Value Creation through Networks


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My presentation at Google's Inspiration Day in March 2013 in Stockholm

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  • Of original Forbes 100 in 191761 companies ceased to exist by 198718 of remaining 39 underperformed market by 20%Only 2 beat market index (GE & Eastman Kodak)Only 1 (1%) today!Of companies in original S&P 500 in 1957426 companies ceased to exist by 1997Only 12 (2.4%) outperformed S&P 500 index in 1997 Of top 100 companies in Korea in 1955Only 7 still on list in 20041997 crisis destroyed half of 30 largest conglomerates
  • Kenneth Lay delegated responsibility to those in his old boys network – failed to listen to someone outside the club – Sherron Watkins.
  • (1) Enabling people to do things we already know how to do and (2)creating collaborative environments that allow people to develop new ideasand concepts to address unanticipated opportunities or challenges.Productive learning focuses mostly on the individual and on helpingthat individual to adopt a pattern of behavior that improves productivity.Generative learning, by contrast, is a collaborative endeavor. Shared meaningand insights are developed at the group level, and these insights driveenterprise transformation to ensure growth and sustainability. Today, thelearning function is focused primarily on productive learning. As a result,it appears that trainers are more likely to want to maintain the status quo,rather than challenge it.Learning is a far more complicated phenomenon than can ever be limitedto the classroom context. If we convey knowledge about tasks we alreadyknow how to do, we call it productive learning . If we share knowledge abouttasks that are new and different, we call it generative learning . Productivelearning serves largely to maintain the status quo within an enterprise byconveying what is already known, while generative learning involves notonly absorbing existing information but also creating new solutions to unanticipatedproblems. Information age learning requires that individuals andorganizations change the way they think about and act on what is knownand what needs to be known in order to innovate, change, and win.
  • In September 2011, GE and partners launched a $100 million open innovation challenge which sought to identify and accelerate ideas that advance breast cancer early detection and diagnostics. Explore the 500 submissions through this interactive data visualization and see the five seed winners that were awarded $100,000 each from GE to develop their ideas.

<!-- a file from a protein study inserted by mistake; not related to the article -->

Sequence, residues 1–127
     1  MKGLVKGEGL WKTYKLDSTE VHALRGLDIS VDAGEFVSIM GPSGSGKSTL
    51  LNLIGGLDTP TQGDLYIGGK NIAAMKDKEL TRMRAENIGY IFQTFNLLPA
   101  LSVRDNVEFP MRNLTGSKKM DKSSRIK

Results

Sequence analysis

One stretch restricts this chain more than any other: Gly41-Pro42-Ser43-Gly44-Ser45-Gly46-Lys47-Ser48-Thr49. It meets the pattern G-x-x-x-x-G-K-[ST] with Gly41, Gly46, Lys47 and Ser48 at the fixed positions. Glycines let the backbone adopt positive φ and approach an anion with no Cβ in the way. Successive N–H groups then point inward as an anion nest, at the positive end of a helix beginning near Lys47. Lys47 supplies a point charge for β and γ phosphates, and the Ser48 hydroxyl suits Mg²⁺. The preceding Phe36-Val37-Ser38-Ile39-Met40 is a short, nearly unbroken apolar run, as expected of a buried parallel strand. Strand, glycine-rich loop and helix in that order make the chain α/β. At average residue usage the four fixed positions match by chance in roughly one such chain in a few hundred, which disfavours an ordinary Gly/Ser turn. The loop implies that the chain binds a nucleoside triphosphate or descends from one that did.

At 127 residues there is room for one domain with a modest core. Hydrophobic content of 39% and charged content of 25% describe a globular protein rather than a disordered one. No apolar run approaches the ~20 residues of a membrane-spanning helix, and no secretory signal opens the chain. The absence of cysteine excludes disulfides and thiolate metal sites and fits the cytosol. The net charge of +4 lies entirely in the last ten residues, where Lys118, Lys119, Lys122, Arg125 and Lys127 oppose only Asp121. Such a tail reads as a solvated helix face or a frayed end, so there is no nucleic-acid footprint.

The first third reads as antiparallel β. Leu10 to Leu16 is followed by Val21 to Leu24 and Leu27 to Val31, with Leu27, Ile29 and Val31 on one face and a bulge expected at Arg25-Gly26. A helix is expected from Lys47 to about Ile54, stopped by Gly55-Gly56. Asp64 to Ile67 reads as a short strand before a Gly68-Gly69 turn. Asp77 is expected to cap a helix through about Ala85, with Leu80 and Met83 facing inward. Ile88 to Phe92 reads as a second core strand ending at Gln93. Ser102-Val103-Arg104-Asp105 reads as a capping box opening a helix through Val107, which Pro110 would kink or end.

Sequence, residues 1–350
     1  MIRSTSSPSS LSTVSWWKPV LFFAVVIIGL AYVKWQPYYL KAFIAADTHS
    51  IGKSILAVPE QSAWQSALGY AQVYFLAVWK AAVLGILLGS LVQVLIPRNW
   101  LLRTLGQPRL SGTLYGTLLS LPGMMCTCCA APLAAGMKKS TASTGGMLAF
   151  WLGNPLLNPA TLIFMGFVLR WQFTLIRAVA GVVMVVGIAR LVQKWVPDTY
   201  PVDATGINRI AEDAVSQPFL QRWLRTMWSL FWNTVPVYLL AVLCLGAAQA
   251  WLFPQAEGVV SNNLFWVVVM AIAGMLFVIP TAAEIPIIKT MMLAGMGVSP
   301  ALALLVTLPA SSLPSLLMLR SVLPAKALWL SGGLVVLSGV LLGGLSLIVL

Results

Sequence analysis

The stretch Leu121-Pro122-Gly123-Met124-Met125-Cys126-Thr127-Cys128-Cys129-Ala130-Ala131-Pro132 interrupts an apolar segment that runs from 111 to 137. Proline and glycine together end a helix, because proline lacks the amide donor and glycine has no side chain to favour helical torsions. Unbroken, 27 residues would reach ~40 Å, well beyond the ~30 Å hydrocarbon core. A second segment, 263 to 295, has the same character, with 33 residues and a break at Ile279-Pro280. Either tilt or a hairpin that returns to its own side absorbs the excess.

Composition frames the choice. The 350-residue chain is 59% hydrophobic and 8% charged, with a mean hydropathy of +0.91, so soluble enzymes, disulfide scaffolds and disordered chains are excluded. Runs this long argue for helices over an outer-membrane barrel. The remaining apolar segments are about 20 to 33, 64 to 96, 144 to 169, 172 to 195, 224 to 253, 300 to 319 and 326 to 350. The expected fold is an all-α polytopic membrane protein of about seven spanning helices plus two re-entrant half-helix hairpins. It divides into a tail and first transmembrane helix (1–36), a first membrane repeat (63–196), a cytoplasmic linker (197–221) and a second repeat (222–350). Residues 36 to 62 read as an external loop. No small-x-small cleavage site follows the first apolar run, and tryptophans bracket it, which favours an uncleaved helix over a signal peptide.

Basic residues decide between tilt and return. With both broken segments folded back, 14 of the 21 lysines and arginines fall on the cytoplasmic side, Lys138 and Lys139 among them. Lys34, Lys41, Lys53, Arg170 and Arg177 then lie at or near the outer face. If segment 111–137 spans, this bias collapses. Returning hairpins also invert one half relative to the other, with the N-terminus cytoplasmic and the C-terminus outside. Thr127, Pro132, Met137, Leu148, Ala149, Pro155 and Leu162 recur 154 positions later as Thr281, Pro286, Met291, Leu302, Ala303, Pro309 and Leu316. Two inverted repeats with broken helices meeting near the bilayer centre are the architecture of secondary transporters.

• Kay, J. (1993) Foundations of Corporate Success, Oxford, Oxford University Press.
  • 120,000 tshirts sold each monthThreadless:What came first – the community or the company?RT: presents Threadless,,530,000 followers on TwitterThe whole business model for Threadless is based on an implicit understanding of how the social web works and gives a great demonstration of how communities can be built and harnessed across an organisation. Identifying online enthusiasts and passion groups and then using social platforms to bring them into the core of a business would appear to be a more powerful way of utilising social opportunities than just running ads on Facebook - but it requires a good deal more commitment. The media aspect of social offers some exciting opportunities for brands, but the potential of the social web can be significantly greater if the power of community is fully realised. In summary, there has to be purpose behind why you use social media. Largest challenge is about changing the mindset though – where create value? Use of social media considerably larger in smaller companies: Inc 100 vs Fortune 100. In these smaller companies, social media being used as a leadership tool as well.
  • Liam Dippenaar couldn't catch a ball with both hands. Holding two objects at once was a feat and, though right-handed, the 5-year-old used his left. Born with Ambiotic Band Syndrome, Liam lacks the instrument critical for most tasks: fingers. Thanks to two strangers halfway around the world and the magic of 3D printing, Liam is now able to color and write to his heart's content. Ivan Owen and Richard Van As created Robohand, an open-sourced device built with customized prosthetic fingers. Owen, of Washington state, and Van As, of South Africa, collaborated via the Internet to create the prosthetic. The duo decided to make the design in the public domain to help others who can benefit from the technology.Their journey started in 2011, when Van As came across a video of Owen's costume piece, a robotic hand built for amusement. Van As lost most of the fingers on his right hand in a woodworking accident and cast a net out for those willing to help build a prosthetic. Owen was the only one who agreed. "I had started with the first prototype prior to meeting Ivan. But yes, there were so many obstacles and one of the main ones was contacting people and them just saying, 'No, it can’t be done,'" Van As tells Mashable. Long nights on Skype and a 10-hour time difference took some getting used to, but the two kept the project going through email and file sharing. Owen and Van As initially used a milling machine and spent hours engineering parts until MakerBot donated two Replicator2 Desktop 3D Printers. The donation exponentially cut production time for prototypes. What used to take up to three days to complete can now be done in only 20 minutes. Using OpenSCAD, a free software application, Owen and Van As can exchange files and make changes in minutes. Jenifer Howard, MakerBot's PR director, says the cross-continent collaboration fits perfectly with the company's mission. "We love to see our printers being used for amazing life-changing and life-validating projects like this," Howard says. The two men document their progress on a blog called "Coming up Short Handed." Liam's mother, Yolandi, saw the site and reached out to Van As for help. Liam, who has no fingers on his right hand, received his own Robohand at no cost after several trials and prototypes. "At first it was quite amazing to see the smile on his face when they made the first prototype and he put it on his hand," Yolandi says. "His expression was, 'Oh wow, it’s copying me.'